Issued December 2023

Brucellosis is a bacterial infection. There are many species of Brucella present in various animals, but in dogs we usually mean Brucella canis. It is spread from one dog to another through contact, especially mating, or with infected birth fluids or tissues. Puppies can get infected through milk. It can be inhaled or spread through urine. Often dogs with the bacteria will show no signs of illness, but can still pass it on. Many dogs do become unwell and can present with a variety of symptoms.

Unfortunately, dogs can pass this bacteria on to people. Humans can catch it from breathing it in or through contact with infected dogs. People with a weak immune system or pregnant mothers are more at risk. Caring for a dog that is miscarrying or giving birth is particularly high risk. Humans can show signs of fever, headache, joint pain or other flu-like symptoms. It can be quite serious or potentially life-threatening.

Recently there have been some cases in the UK in people (see more below) who contracted the illness from imported dogs. Dogs from Romania have been highlighted as a particular concern, however Brucella canis is present in other EU member states as well.

At Saving Strays we have been testing for Brucellosis for over two years before dogs come across to the UK. We test at the point of rescue now and again before travel. Any dogs travelling from next year will be tested by APHA on couriered samples before entering the U.K. Recently, the Royal College of Veterinary Surgeons has been trying to get the government to ensure pre-import testing to help mitigate the risks. The advice is now that all dogs, including ones that have been here for quite some time, be tested. The government testing agency APHA recommend that serum samples are submitted for B. canis SAT (Serum Agglutination Test) and B. canis iELISA. These tests are marginally more sensitive and specific than the ones available in Bosnia, and are now considered best practice. Because the bacteria can be asymptomatic, the general advice is that testing should be done 3 months after the last suspected exposure.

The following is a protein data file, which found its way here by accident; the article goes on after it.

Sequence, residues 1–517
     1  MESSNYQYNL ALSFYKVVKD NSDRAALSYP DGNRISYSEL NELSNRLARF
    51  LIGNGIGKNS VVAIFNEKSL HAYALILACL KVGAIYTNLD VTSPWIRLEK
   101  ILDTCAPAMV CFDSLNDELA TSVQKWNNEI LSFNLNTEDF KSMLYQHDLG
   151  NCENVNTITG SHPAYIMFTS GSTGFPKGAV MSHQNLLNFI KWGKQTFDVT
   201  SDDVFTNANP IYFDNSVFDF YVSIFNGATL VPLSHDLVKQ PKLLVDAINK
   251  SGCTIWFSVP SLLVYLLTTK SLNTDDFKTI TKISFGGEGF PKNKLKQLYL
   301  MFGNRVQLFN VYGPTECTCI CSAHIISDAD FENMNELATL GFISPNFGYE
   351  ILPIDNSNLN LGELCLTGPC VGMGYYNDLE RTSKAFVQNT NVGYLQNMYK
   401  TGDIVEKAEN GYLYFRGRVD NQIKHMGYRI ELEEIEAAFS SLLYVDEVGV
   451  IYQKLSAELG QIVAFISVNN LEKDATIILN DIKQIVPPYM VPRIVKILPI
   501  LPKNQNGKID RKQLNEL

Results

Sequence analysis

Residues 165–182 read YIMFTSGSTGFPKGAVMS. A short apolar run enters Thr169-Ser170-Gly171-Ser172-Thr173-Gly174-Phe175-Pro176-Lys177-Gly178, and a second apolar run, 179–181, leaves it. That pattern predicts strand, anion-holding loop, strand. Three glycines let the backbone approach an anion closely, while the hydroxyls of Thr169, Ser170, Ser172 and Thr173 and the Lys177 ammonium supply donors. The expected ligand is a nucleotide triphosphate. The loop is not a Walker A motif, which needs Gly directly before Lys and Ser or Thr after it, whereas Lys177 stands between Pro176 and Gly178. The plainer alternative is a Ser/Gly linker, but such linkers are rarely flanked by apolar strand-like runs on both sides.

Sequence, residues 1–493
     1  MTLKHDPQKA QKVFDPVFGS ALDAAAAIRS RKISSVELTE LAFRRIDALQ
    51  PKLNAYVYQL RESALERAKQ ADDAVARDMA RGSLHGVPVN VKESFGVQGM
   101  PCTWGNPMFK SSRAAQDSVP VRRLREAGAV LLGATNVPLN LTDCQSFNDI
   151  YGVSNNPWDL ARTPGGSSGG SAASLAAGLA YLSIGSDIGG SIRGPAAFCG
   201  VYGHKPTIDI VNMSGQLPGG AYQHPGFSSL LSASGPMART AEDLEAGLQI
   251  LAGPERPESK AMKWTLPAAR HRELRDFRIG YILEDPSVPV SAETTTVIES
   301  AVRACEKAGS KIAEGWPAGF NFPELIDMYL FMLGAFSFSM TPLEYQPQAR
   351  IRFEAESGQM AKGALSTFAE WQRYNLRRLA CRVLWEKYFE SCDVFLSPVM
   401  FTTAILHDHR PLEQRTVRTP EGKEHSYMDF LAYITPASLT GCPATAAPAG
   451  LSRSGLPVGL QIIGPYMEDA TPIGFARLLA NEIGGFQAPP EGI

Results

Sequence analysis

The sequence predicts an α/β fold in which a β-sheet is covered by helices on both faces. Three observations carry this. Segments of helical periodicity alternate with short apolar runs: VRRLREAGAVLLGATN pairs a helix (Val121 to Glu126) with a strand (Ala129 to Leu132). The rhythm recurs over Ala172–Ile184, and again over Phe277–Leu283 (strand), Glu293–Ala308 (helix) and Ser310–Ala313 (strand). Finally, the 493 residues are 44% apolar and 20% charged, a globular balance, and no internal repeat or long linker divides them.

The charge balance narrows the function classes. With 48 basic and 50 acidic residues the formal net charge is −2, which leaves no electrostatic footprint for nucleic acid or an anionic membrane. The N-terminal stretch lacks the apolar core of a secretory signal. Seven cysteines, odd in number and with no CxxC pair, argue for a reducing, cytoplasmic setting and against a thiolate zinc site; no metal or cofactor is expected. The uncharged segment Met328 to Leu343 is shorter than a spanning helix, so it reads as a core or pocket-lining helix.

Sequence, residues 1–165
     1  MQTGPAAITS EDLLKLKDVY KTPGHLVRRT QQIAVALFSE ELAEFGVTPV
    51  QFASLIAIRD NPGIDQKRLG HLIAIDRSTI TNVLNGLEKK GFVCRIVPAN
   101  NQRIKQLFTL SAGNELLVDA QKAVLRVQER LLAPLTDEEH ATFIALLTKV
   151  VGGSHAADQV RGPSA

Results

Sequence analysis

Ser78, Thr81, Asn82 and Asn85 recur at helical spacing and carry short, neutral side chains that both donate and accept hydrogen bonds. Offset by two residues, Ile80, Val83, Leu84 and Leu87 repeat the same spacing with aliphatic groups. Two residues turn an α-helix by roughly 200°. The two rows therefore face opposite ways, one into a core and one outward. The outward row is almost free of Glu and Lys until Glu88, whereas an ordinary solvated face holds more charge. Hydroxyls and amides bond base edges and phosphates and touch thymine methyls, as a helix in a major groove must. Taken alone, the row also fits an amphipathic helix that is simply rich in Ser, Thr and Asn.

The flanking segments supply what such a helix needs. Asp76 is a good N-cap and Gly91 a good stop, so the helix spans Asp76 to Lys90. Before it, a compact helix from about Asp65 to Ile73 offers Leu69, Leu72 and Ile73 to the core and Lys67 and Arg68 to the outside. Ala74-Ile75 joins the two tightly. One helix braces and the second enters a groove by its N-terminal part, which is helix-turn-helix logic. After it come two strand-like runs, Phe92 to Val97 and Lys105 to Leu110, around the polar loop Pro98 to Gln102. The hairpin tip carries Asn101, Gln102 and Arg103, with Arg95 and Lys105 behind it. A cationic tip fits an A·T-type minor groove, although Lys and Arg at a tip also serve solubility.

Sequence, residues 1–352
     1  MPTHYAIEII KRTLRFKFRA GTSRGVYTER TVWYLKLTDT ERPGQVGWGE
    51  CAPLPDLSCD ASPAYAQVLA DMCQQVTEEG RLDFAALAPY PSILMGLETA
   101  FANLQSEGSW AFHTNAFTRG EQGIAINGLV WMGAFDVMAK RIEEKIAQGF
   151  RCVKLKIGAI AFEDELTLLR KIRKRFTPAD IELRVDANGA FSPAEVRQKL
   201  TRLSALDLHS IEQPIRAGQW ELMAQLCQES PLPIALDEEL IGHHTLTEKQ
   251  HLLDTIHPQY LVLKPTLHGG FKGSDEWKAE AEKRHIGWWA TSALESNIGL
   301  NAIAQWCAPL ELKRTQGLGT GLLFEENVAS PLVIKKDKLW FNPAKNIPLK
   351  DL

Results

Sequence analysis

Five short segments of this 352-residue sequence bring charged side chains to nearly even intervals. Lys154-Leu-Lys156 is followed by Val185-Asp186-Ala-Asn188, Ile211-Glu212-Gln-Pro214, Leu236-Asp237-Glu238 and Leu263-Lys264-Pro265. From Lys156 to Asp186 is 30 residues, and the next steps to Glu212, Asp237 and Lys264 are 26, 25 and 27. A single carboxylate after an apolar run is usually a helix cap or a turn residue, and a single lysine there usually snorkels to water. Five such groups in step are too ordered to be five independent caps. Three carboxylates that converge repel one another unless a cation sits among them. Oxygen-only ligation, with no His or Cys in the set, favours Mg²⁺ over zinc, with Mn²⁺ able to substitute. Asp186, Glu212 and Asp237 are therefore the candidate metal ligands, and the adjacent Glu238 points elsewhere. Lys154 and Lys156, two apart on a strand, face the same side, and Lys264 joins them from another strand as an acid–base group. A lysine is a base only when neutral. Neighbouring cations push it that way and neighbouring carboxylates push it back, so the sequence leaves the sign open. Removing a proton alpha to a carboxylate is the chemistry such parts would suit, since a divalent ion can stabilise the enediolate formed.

My Vet has seen my dog before without testing, why now?

My dog has been here for 5 years, why am I having to test?

Do I need to test if my dog goes abroad on holiday?

I don’t want to test my dog, what happens now?

My dog has already had blood testing before?

How common is this disease?